It's no accident that Palin will be appearing here, alongside local conservative Monsters of Talk Vicki McKenna and John T. Harris, and Wall Street Journal columnist John Fund. Madison has been ground zero of the grassroots, pro-labor groundswell that started in February when Gov. Scott Walker introduced his truly awful budget "repair" bill, and has continued ever since.

The Capitol has played host to hundreds of thousands of people from all over the state (and beyond - there's nothing wrong with support from fellow travelers, despite Walker's hypocritical cries to the contrary), who've marched, camped, testified, pizza'd, and sang their way through some deeply trying times.

So of course, come time for the Tea Party's now annual tax day rally, they'd choose to co-opt the location and bring in the "big" guns.

But you know what? I could care less about Palin. Or McKenna and Harris and Fund. They're the rabble-rousers, spitters of convoluted, often meaningless (or downright false) platitudes and generalizations meant to stir the pot for the sake of their own higher ratings and stuffed wallets.

We've got these folks on the left, too: Though I don't harbor the same disgust held for Palin and the like when it comes to them, I wasn't particularly thrilled when Michael Moore or Ed Schultz started popping up at the #wiunion protests, either. Their hearts might be in the right place - I don't know because I don't know any of them personally - but ultimately their high profiles serve as a distraction from the important message and meaning of the demonstrations.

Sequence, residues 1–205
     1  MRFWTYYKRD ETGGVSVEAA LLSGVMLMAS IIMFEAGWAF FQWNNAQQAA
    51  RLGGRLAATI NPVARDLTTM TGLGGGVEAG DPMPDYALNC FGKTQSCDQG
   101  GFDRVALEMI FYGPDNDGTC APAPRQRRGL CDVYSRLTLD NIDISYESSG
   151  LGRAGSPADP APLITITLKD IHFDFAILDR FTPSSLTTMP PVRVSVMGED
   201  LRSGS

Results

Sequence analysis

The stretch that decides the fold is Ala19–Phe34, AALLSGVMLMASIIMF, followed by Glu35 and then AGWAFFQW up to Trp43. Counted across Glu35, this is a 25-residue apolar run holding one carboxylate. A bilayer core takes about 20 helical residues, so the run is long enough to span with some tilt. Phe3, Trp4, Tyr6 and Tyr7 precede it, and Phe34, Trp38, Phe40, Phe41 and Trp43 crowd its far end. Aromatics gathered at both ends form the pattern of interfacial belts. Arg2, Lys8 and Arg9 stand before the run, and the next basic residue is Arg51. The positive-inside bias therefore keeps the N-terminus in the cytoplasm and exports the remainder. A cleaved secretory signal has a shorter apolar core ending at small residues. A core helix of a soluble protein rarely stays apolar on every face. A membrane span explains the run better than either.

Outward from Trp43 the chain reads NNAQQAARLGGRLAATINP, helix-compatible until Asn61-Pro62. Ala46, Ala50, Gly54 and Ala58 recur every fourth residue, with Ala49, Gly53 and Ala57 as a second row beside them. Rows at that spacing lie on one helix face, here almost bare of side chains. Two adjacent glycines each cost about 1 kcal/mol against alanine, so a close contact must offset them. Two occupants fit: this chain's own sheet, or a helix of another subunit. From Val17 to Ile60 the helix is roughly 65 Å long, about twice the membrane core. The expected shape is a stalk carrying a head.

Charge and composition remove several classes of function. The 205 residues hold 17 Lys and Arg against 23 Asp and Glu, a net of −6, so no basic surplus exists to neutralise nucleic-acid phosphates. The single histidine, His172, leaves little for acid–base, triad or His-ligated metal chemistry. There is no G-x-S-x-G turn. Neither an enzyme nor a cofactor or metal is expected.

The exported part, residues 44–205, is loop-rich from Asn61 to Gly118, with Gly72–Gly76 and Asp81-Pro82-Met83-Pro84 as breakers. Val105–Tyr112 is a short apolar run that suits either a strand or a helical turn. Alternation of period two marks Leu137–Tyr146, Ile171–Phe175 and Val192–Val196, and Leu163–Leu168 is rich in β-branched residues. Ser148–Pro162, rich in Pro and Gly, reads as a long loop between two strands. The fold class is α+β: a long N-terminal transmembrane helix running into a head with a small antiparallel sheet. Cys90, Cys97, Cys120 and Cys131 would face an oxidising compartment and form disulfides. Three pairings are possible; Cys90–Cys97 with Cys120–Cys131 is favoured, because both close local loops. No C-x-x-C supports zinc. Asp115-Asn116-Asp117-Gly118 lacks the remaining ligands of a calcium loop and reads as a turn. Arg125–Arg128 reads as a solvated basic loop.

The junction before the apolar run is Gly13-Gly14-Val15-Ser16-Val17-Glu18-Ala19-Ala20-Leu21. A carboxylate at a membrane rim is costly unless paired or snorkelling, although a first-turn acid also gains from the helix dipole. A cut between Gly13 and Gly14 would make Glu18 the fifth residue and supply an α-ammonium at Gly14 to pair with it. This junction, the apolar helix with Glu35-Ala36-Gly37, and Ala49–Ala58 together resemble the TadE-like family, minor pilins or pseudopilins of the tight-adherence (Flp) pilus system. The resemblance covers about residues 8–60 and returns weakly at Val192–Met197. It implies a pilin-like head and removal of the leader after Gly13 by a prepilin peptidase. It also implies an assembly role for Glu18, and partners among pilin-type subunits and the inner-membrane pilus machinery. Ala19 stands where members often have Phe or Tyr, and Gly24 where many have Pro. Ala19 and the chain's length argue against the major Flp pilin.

It's about everyday people working to make things better.

It's pretty much the same case for the Tea Party. While there are certainly elements of the movement that are on the extreme fringe (there have certainly been elements of racist, xenophobic, and misogynistic ideas and attitudes on display), I've gotten the impression that a large chunk of the people who show up at Tea Party events are just regular folk struggling with some of the very same problems facing their counterparts at the pro-union rallies.

As I see it, the difference between us is twofold: 1) The information we've been given/sought out/been privy to, and 2) how we've chosen to react to it.

None of that makes any of us inherently better or worse, of course, it just means we're walking alternate paths. And I suggest that, rather than show up at tomorrow's rally ready to fight and yell, or wave insulting/condescending signs, or even focus your curses and derision on the celebrity speakers, it would be far more productive to simply shop the farmer's market and then maybe have a civil conversation with a Tea Party attendee.

Ask them why they've come, what struggles they're having personally. If they're at all inclined to listen, tell them simply about your own troubles and why you've chosen to tackle them in a different manner. Get a little nerdy and cite some factual research to back up your position, but always be willing to hear the other person out. Be willing to admit if you were maybe wrong about your initial perceptions regarding the people that go to Tea Party events. Or challenge them, gently, if maybe you were right.

Don't accuse anyone of being anything - challenge ideas, not individuals. This guy lays out the technique rather succinctly.

Most importantly, don't give Palin or any of the other talking heads any ammunition against you or the movement (believe me, they'll make up plenty on their own), and don't feed their egos by focusing on them at all. Focus on the regular folks who're there, and find the common ground you inevitably have with them. Show them, don't tell them, what democracy looks like.

And then go get some spicy cheese bread from Stella's - it's freakin' delicious.
The Lost Albatross